Tuesday, October 5, 2010

How did turtles get their shells?

I was flipping through the channels last night and found an awesome documentary on Turtles and Tortoises. I wanted to know about where these guys split off on the tree and some common ancestors. What I found was Odontochelys semitestacea a 220 million year old ancestor to the turtle. The ancestor swam in China's costal waters long ago, and are now being studied by Chun Li of the Chinese Academy of Sciences in Beijing and his colleagues.
Before this the oldest know turtle ancestor was Proganochelys found in Germany. However, this new species sheds much more light on turtle evolution. These two differ in "in presence of teeth on premaxilla, maxilla and dentary; relatively long preorbital skull; distinct transverse process on pterygoid; absence of fully formed carapace; no acromial process on scapula; dorsal ribs articulating at midline of centrum; free sacral ribs; free caudal transverse processes; presence of long tail; four (rather than three) phalanges in digits III and IV of manus and pes; absence of osteoderms and tail-club." (Nature 456, 497-501 ) The most surprising feature here the absence of the carapace or top shell.
Since Odontochelys semitestacea spent its time swimming in aquatic environments, it is more likely that the bottom shell (Plastron) developed first, to protect from predators attacking from beneath. It has only a partially formed shell on top. Li believes this proves that the plastron developed before the carapace. The image of the skeleton above shows the lack of a top shell. More than likely, when turtles started walking on land their carapaces developed better because the ground was also protecting their undersides. However, some researchers believe that Odontochelys semitestacea lost its top shell and that an even older ancestor had the presence of both the carapace and plastron.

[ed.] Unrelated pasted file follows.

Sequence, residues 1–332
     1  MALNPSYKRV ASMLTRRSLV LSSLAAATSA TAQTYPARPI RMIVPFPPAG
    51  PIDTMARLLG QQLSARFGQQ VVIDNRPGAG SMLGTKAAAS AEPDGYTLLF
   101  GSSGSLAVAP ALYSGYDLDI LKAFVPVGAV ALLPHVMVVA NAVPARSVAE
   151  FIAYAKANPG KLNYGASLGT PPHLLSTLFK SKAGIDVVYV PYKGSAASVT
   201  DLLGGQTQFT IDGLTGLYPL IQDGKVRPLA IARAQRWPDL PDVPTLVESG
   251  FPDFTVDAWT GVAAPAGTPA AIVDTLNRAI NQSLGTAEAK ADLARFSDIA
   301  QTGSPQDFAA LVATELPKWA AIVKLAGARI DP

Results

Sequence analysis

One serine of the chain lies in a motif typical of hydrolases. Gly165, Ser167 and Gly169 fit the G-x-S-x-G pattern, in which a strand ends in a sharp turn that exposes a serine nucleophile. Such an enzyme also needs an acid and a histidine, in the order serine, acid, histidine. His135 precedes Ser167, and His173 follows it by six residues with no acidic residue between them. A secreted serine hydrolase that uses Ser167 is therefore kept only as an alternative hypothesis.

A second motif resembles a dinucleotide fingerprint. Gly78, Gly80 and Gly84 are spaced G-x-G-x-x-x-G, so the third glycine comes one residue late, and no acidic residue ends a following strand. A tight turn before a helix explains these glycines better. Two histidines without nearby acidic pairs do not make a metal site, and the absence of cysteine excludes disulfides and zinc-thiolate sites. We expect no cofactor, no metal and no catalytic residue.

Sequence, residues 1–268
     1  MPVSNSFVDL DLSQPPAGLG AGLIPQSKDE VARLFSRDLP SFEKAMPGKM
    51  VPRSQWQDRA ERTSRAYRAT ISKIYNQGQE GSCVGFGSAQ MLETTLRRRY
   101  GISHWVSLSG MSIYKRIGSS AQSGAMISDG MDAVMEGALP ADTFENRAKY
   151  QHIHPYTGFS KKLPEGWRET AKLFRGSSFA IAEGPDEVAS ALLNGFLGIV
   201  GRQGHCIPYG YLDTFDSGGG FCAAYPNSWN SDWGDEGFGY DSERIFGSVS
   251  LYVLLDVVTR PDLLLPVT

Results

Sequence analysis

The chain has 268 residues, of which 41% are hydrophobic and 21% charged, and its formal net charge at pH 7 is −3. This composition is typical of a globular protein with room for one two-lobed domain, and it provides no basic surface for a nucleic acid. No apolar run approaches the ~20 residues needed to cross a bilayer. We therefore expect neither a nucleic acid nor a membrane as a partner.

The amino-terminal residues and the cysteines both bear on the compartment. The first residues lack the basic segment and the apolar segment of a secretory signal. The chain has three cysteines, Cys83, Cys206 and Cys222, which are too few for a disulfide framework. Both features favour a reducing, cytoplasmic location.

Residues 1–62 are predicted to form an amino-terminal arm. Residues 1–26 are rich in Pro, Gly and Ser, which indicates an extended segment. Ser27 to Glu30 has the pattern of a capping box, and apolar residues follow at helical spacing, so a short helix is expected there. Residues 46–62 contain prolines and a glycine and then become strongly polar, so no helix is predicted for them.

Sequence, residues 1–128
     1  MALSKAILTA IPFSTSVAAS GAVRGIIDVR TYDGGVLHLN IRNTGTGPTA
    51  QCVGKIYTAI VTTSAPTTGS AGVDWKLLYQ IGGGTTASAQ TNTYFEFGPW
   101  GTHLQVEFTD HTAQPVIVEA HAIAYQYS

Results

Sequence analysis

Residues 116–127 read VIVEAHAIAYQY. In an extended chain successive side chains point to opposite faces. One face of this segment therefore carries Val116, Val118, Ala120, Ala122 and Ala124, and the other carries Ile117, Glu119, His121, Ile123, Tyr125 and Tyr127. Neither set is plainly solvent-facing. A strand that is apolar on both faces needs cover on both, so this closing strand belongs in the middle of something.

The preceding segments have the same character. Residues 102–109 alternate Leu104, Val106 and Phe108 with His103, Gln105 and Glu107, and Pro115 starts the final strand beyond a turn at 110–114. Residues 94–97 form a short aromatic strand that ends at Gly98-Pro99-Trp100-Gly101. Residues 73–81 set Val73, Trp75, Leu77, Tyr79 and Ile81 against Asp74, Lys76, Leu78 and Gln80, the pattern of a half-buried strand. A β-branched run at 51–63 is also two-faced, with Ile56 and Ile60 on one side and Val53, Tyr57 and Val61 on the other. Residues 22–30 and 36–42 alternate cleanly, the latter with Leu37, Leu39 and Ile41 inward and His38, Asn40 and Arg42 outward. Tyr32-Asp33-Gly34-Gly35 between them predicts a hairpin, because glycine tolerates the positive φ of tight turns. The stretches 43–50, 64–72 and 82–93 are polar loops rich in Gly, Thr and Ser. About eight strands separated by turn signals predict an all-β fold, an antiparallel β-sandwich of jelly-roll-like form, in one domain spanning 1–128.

Article from Science Daily


  1. I see the reasoning behind how the plastron developed. I wonder what kind of hard material comprises the carapace and plastron.

  2. This is really interesting! Usually when I think of an animal with body armor, I picture bone / scales down the back. But it makes sense that while you are living in the water, you would be more worried about death from below rather than death from above. This must follow the same logic as countershading.

  3. Turtles are AWESOME! No, but really, turtles are very different from their other reptilian counterparts, so it is very interesting to see an example of one of the ancestral forms that had a more general reptilian body. As stated above, the reasoning behind the modification of the turtle's skeleton to allow for the formation of the plastron makes sense to help protect from unseen predators from below and the large, strong carapace above once on land because most of the turtle's predators would have to attack from above rather than below.

  4. Here's a good question:
    Since the top shells on current turtles are obviously much larger and stronger than the bottom shells, does this mean that they have been living on land longer than in water, or is this due to stronger predation pressure causing an inducible defense?

  5. What is the evidence that the lack of the carapace is a loss in this fossil? And we will see that turtles do not have teeth. Are there other fossil turtles that have teeth like this one?

    You generated a nice discussion on this post.